According to Marbut, a consultant who’s spent the last decade advising cities on how to manage services for people living in homelessness, those who panhandle on the streets spend 93 percent of the money they receive on drugs, alcohol, or sex. He’s repeated that figure in dozens of appearances before city councils and media outlets, including an interview with NPR’s Rachel Martin in 2014. When the Weekend Edition host pressed for details, Marbut replied, “We’ve done a lot of research.”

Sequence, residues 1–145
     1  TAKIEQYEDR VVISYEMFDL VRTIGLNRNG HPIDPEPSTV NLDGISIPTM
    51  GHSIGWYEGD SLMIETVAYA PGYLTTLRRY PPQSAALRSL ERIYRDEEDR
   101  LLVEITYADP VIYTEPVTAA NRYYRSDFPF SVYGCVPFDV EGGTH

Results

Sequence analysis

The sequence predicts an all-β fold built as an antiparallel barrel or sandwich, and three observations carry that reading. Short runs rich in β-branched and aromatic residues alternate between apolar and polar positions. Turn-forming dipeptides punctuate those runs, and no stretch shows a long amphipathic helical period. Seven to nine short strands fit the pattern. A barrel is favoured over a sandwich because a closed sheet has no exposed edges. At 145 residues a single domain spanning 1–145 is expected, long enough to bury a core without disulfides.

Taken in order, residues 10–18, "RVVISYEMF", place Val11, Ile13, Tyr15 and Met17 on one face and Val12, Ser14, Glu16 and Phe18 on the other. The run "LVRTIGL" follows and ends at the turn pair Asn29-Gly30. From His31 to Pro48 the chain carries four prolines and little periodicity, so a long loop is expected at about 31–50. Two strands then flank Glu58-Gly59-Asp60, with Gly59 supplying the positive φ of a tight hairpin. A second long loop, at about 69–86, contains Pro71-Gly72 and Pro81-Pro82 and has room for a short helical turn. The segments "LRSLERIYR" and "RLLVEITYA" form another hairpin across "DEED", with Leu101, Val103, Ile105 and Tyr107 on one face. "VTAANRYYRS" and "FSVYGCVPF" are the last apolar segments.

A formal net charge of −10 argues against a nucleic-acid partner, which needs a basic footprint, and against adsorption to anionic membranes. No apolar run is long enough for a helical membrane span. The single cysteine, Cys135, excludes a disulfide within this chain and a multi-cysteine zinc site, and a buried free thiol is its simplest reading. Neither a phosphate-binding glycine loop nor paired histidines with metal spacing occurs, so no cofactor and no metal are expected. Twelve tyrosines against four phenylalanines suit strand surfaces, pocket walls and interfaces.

That 93 percent figure has always bothered Jeremy Alderson, a journalist and activist who bristled when local agencies in Sarasota, Florida, hired Marbut in 2013 to help them come up with a strategy. How, exactly, would a researcher find out how much a person living on the street paid to a drug dealer? Or to a sex worker?
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